One time I was sitting near a young mom and her little girl on the Max (Portland’s light rail system). The daughter was probably 5ish years old, and her curious eyes were taking me in.
“Why does she have that chair?” she asked her mom.
“I don’t know, let’s ask her….” She turned to me, “Is it ok if she asks you a question?”
The daughter asked, I answered, and we had a short, pleasant enough conversation.
As we were settling back into silence, the girl’s eyes still hadn’t left me. A few beats passed, and the mom told her, “Ok, now you’re staring, and it’s not polite to stare at people.” She redirected her attention elsewhere.
This might all sound like the most simple, commonplace interaction… And it was pretty simple, but definitely not common! I was so impressed with this young mom’s parenting skills, I went ahead and told her, “You’re doing such a good job as a mom! You just taught your daughter to talk to people, not about them. You taught her that it’s ok to ask questions, but not ok to stare…. I wish more people would teach their kids these things.”
I’m sharing this story because after this post, I got a few comments from moms asking for my opinions about what to do, or not do, with curious children.
Please don’t teach your child that disability is something to be afraid of, too horrible to talk about. Don’t shush them, or drag them quickly away from me. And when possible, avoid making up answers about me. I liked how this mom asked my permission, acknowledging that I don’t have to answer and don’t owe anybody any information, then directed the questions to me. While different people you encounter are going to have different levels of willingness to engage with your kid, I assure you that your child is nowhere near the first to ask them about their disability. We’re all extremely used to it and have well rehearsed responses.
Please be aware of the difference between a comment that is observing, and a comment that is insulting. “Look, mommy, that lady has a wheelchair.” They’re just taking in the world around them, as kids do. I’ll probably smile, and I hope I’ll hear you say something like, “Yes, she does. It looks like it helps her get around.” Then either move on, or direct further conversation to me, not about me.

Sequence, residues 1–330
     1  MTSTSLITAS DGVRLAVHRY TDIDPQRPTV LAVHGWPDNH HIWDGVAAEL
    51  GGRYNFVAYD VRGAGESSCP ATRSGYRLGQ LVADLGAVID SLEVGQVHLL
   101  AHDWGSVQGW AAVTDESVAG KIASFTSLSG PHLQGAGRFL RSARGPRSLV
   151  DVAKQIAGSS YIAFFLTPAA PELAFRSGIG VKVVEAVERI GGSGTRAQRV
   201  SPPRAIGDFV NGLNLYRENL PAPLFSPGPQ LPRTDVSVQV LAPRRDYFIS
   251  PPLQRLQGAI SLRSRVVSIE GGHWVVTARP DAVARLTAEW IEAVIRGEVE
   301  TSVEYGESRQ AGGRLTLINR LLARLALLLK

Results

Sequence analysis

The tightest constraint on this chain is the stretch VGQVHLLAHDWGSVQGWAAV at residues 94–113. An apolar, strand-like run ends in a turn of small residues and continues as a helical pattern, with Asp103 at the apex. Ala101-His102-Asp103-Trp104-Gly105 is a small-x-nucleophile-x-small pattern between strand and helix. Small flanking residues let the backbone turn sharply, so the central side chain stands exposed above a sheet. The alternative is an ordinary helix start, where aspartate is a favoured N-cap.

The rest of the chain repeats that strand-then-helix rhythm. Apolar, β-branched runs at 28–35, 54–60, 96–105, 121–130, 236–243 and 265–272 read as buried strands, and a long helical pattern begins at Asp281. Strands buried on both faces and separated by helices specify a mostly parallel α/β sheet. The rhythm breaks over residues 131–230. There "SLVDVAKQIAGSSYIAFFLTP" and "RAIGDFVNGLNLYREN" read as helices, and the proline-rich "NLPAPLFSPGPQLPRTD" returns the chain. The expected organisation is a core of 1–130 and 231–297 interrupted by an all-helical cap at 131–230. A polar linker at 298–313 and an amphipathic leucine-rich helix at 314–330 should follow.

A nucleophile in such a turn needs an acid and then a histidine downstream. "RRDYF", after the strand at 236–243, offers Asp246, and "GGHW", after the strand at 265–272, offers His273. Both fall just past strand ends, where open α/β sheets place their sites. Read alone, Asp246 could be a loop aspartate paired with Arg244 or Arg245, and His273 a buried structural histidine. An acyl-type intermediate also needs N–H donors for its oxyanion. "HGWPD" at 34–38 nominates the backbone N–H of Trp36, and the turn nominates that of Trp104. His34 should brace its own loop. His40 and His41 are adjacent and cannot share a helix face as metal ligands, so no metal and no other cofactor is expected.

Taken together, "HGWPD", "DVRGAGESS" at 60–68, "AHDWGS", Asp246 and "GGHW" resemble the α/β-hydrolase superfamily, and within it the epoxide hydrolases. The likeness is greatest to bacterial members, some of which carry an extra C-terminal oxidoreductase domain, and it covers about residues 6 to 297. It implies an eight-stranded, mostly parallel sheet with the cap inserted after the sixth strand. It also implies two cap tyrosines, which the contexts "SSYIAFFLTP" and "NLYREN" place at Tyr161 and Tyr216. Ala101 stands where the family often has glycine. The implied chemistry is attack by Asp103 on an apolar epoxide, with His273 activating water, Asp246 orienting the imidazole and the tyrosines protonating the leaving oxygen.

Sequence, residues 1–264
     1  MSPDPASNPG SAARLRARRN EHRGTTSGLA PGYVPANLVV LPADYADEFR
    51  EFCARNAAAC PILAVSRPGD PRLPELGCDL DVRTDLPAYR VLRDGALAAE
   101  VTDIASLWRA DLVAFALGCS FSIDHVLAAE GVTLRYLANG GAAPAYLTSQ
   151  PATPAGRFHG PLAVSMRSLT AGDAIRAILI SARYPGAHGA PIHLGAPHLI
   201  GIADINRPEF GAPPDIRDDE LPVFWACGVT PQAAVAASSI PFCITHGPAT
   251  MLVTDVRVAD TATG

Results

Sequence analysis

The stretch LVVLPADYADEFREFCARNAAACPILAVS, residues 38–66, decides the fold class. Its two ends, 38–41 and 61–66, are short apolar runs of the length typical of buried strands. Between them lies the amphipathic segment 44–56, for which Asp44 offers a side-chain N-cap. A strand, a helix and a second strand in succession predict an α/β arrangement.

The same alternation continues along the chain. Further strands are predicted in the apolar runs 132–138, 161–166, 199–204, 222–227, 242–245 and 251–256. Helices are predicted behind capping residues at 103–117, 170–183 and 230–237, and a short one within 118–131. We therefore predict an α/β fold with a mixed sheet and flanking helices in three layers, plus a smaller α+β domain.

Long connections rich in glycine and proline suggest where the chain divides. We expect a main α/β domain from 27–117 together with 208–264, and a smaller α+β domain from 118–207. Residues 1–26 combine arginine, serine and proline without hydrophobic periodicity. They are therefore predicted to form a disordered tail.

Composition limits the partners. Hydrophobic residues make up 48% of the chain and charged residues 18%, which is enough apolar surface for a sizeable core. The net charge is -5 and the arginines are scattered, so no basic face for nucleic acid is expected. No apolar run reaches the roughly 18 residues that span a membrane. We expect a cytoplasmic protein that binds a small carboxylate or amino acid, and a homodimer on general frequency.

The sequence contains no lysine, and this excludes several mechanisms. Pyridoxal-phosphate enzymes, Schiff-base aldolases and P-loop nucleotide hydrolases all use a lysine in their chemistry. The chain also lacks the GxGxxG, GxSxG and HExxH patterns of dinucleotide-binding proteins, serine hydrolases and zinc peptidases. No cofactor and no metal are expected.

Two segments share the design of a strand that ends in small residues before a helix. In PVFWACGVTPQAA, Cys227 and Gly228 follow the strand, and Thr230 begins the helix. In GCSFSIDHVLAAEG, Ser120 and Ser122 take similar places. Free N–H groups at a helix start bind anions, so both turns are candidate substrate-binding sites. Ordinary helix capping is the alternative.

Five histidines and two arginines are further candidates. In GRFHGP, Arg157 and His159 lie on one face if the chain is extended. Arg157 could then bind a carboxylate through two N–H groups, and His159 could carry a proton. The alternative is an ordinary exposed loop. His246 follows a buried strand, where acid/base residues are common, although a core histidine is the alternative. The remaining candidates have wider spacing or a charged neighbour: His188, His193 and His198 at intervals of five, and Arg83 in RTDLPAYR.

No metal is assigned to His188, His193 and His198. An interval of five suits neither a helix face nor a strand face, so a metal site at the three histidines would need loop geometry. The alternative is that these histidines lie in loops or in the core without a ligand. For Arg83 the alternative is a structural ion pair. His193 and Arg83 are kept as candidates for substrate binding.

“Look, mommy, that lady looks weird.” Ok, that’s rude, and you’re the parent, so it’s your job to teach your kid manners. Please don’t make me do it for you. But also, again, please don’t make disability scary. In these moments, I hope to hear something like, “That’s not a nice thing to say, and I don’t agree. She just moves around the world in a different way than you and I do. Isn’t it cool how people are all different? The world would be so boring if we were all the same.”
If you’d like some bonus points, after your child has started a conversation and I’ve answered some of her questions, you can talk to me the same way you would anybody else. Make some small talk. Introduce yourself, ask my name, how I’m liking this weather, what I do, tell me you love my hair. (Because, you do love my hair. You can’t help it.:)) We don’t need to stretch this out into a huge conversation, because we’d both probably like to move on with our day. But since we’ve already taken a moment to show your child that differences are ok, it’s nice to also show them that I’m not that different. We probably also have things in common.
Please teach your child not to stare. I know that kids do this naturally, but it makes me really uncomfortable, and when an adult is right there and doing nothing to teach them better, I get irritated. If they aren’t taught, then they’ll continue doing it as they get older, and aren’t so forgivably cute anymore.
One more anecdote…
I have a friend who checks in with me sometimes after her daughter’s asked a disability question, to compare notes about how she handled it. A while ago, she told me that her daughter had been asking about me, and then asked, “Does it make her sad? That she has to use a wheelchair?”
I wasn’t present for the conversation, but I wish I would have been. The question melted my heart a bit, and I’d have loved to give her a very honest answer. “Sometimes. Sometimes it makes me sad, and sometimes it makes me angry, and sometimes it makes me feel lonely, like nobody understands. Some days are hard. But most of the time, no, I’m not sad. Most of the time I’m busy doing things I love with people that I love, and that makes me happy. My wheelchair makes me different, and different is cool. My wheelchair makes me who I am, and I’m happy with who I am… Plus, it’s fun when I get to drive it really fast!”
The little girl who asked the “does it make her sad” question has autism. People think that autism means you can’t connect with other people, that you can’t understand emotions or have empathy. But clearly, people are wrong.